Monday, January 07, 2013



Huh. It's the Butthole Surfers. The Texan band I "liked" as a teen yet gave a bit of a regal drubbing here on this blog some 8 eight years ago. Frankly, I think that the band's existence post-1989 has been such a royal waste of time for everyone - barring perhaps the members' bank balances - that it makes it almost impossible to appreciate the fact that they might've ever been a good band in the first place. I'm assuming that's what brought on my negativity at the time, or perhaps I just felt like slaying a sacred cow. A band who has stunk up the airwaves as badly as the Buttholes have for the past 2+ decades deserves to be named and shamed: there's not only the terrible, terrible music, but also the needless lawsuit against Touch & Go to get their back catalogue and their transformation from a genuinely psychedelic punk rock freakshow to a band who might rival the Fun Lovin' Criminals or Bloodhound Gang as the worst comedy-rock band on earth. Ya got me?

So why have I been listening to Locust Abortion Technician? Or Psychic... Powerless... Another Man's Sac? Or Cream Corn? Or even the uneven yet still listenable Hairway To Steven and the previously-derided Rembrandt Pussyhorse? I can't answer that. It could be insanity or premature senility, but when I go off on a musical tangent, a desperate musical tangent, sometimes there's no stopping me. I cheaply procured all of the above just recently - secondhand in the compact disc format - after having sold my vinyl copy of Locust Abortion Technician some time in the '90s, and I must say, they have been a really surprising treat at this late stage in the game. When I shitcanned Rembrandt... all those years ago, I noted that the band's zaniness couldn't possibly hold a candle to really good and genuinely "strange" music from such masters as Yoko Ono, Faust, This Heat, Cabaret Voltaire, etc., maybe simply comparing them to a whole bunch of other people doesn't really do anyone any justice, even though I'm about to do exactly that.

The Buttholes were simply the Buttholes: they had a healthy dollop of Texan 'core in their veins (meaning the Dicks/Big Boys/Scratch Acid axis), as well as Texan psych (Roky/Mayo) and a curious mixture of Brit post-punk (PiL/TG/even some harsh On-U Sound-style dub), classic American freak-rock a la Mothers/Beefheart and, increasingly as the '80s bore fruit, a distinctly 'Sabbath bent. Well, there's a stew to chew on! Or maybe a case of useless name-dropping, because in a very real sense, that doesn't give you half the picture. For a couple of years, the Buttholes were the template for wigged-out, party-'til-you-poop shit-rock, and all others - Lubricated Goat, Happy Flowers, Killdozer, Cows, etc. - were merely imitators (more or less - don't message me about this), but for me they lost that mantle very quickly to a band like the Boredoms and their minions as their first decade came to an end. But let's not talk about the band when they stank! Let's actually - and yes, I am speaking to myself here - appreciate the band's goods when they were, err, good.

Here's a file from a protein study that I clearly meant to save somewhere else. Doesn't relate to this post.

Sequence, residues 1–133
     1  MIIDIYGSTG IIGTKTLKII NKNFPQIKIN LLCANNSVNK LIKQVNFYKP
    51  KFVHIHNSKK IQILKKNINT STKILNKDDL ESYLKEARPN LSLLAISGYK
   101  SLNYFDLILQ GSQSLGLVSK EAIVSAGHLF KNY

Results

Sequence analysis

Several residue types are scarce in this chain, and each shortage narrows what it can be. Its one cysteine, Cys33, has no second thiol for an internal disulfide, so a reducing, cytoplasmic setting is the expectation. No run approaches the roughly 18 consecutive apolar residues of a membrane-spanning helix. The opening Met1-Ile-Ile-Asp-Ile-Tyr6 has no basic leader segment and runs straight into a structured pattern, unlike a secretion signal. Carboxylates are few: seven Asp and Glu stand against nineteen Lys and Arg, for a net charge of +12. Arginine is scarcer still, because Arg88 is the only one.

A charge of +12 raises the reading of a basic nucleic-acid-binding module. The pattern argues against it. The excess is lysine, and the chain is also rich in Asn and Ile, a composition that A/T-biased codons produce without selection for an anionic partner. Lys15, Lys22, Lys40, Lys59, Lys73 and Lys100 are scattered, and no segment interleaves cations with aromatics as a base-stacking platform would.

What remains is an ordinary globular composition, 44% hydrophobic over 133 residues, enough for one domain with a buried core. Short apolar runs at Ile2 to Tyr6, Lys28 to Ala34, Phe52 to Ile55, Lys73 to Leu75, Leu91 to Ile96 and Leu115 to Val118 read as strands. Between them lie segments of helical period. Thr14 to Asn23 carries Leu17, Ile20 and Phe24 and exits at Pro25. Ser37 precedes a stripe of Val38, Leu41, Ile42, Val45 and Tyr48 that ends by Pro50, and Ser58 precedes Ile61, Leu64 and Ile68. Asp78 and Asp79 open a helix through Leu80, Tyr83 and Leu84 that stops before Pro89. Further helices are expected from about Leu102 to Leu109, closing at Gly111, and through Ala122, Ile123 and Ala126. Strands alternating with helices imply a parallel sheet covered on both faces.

Locust Abortion Technician came out in 1987 on the Touch & Go label (and, as noted several entries below, was licensed locally to Au-go-go at the time) and was the record which really broke them into a vaguely wider consciousness at the time. That, in some ways, is a strange fact, since it remains possibly their most experimental, inaccessible album. Sure, there's the opener, "Sweat Loaf", the popular homage to Black Sabbath's "Sweet Leaf", a rip-snortin' replay on the classic riff which was played ad nauseum here on public radio back in the late '80s, and there's also the nominally straighter 4/4 rock & roll track, "Human Cannonball", but the rest of it, it's mostly heavy, farting-around sludge which is of a very high standard indeed. If there's one record which merits the band's rep, it's this one. "Graveyard" and "Pittsburg to Lebanon" are primo stoned crawls (w/ ace guitar heroics from Paul Leary); "USSA" is the kind of muck which could've been lifted from TG's Second Annual Report; "The O-Men" is excellent speed-metal dementia; and "22 Going On 23", more dirge augmented by vocal samples is the kind of schtick Bongwater used for an album or two.